The United States Coast Guard uses cutters and small boats on the water, and fixed- and rotary wing (helicopters) aircraft in the air. The Coast Guard employs various small arms including handguns, shotguns, rifles, and machine guns.
Originally, the Coast Guard used the term cutter in its traditional sense, as a type of small sailing ship. Today it officially uses the term for any vessel which has a permanently assigned crew and accommodations for the extended support of that crew, and includes any and all vessels of 65-foot (20 m) or more in length.
Larger cutters (over 181 feet (55 m) in length) are controlled by Area Commands (Atlantic Area or Pacific Area). Smaller cutters come under control of district commands. Cutters usually carry a motor surf boat and/or a rigid-hulled inflatable boat. Polar-class icebreakers (WAGB) carry an Arctic survey boat (ASB) and landing craft.
Any Coast Guard crew with officers or petty officers assigned has law-enforcement authority (14 USC Sec. 89) and can conduct armed boardings.
The Coast Guard operates 243 Cutters, defined as any vessel more than 65 feet (20 m) long, that has a permanently assigned crew and accommodations for the extended support of that crew.
|Name or Class||Image||Quantity||Length||Armament||Notes|
|Polar-class 2||0||460'||Building 2, 3 total on order. The Polar Security Cutter Program is to replace the Polar-class. To enter service in 2025.|
|Legend-class||9||418'||Building 2. Designated to replace the Hamilton-class. Entered Service in 2008.|
||There are three WAGB's used for icebreaking and research though only two, the heavy 399-foot (122 m) Polar Star and the newer medium class 420-foot (130 m) Healy, are active. Polar Sea is located in Seattle, Washington but is not currently in active service.|
||Building 2, 11 planned. Designated to replace the Famous-class and Reliance-class. To enter service in 2025.|
|USCGC Eagle||1||295'||None||USCGC Eagle (WIX-327): Eagle is home ported at the Coast Guard Academy in New London, Connecticut. It is used for training voyages for Coast Guard Academy cadets and Coast Guard officer candidates. USCGC Eagle was built in Germany as the Horst Wessel, and was taken by the United States as a war reparation in 1945.|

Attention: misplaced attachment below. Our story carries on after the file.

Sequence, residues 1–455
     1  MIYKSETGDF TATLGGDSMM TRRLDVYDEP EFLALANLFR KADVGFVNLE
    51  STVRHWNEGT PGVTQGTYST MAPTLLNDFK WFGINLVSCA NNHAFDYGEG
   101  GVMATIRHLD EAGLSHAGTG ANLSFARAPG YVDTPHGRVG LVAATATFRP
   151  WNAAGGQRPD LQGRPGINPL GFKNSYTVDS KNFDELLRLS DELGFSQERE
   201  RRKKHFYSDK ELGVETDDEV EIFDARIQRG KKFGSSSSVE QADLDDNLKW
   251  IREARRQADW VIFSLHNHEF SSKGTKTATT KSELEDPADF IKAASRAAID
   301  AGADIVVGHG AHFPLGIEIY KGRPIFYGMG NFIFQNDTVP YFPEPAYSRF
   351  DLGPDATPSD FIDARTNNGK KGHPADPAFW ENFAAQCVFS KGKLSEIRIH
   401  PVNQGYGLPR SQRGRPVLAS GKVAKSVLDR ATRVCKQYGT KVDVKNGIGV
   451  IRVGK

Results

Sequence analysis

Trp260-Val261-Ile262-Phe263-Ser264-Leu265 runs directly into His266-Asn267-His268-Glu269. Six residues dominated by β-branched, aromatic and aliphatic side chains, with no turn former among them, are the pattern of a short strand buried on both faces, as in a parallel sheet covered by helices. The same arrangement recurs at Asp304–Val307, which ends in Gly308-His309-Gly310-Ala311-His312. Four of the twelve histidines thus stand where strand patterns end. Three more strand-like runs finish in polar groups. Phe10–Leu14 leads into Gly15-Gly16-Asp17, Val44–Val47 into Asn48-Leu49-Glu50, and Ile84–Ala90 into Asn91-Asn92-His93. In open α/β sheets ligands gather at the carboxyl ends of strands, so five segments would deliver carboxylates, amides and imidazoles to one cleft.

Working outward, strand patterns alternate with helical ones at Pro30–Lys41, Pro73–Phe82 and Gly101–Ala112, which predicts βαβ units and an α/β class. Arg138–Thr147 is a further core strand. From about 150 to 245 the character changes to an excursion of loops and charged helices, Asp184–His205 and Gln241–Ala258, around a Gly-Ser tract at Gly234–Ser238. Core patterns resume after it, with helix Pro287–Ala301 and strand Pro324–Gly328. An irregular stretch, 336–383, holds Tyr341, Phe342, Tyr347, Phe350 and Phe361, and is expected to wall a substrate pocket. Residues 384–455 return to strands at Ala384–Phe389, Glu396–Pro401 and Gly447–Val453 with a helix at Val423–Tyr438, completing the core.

|USCGC Alex Haley||1||283'||Entered service in 1971 as USS Edenton.|
||Entered service in 1983.|
||Mackinaw is a 240-foot (73 m) heavy icebreaker built for operations on the North American Great Lakes and home ported at Cheboygan, Michigan. Entered Service in 2006.|
||Entered service in 1996.|
||Entered service in 1964.|
|Keeper-class||14||175'||None||Entered service in 1997.|
|160 foot-class Inland construction Tender||4||160'||None||Entered service in 1976.|
|Sentinel-class||40||154'||64 planned. Designated to replace Island-class. Entered service in 2012.|
|Bay-class||9||140'||10 planned. Entered service in 1979.|
|Island-class||49||110'||(WPB): Eight additional 110-foot patrol boats were extended to 123 feet (37 m) but structural issues developed shortly after these conversions and the cutters were deemed unsafe to operate. Entered service in 1985.|
|100-foot Class Inland Buoy Tenders||2||100'||None||Entered service in 1945.|
|100 foot-class Inland Construction Tender||3||100'||None||Entered service in 1944.|
||Entered service in 1998.|
|Kankakee-class||2||75'||None||Entered service in 1990.|
||Entered Service in 1964|
|75' inland construction tender||9||75'||None||Entered service in 1962|
|65' river buoy tender||2||65'||None|
|65' inland buoy tender||2||65'||None||Entered service in 1954|
|Small Harbor Tug||11||65'||None||(WYTL): This is a class of eleven 65-foot tugs used by the United States Coast Guard for search and rescue, law enforcement, aids-to-navigation work and light icebreaking. Entered service in 1961.|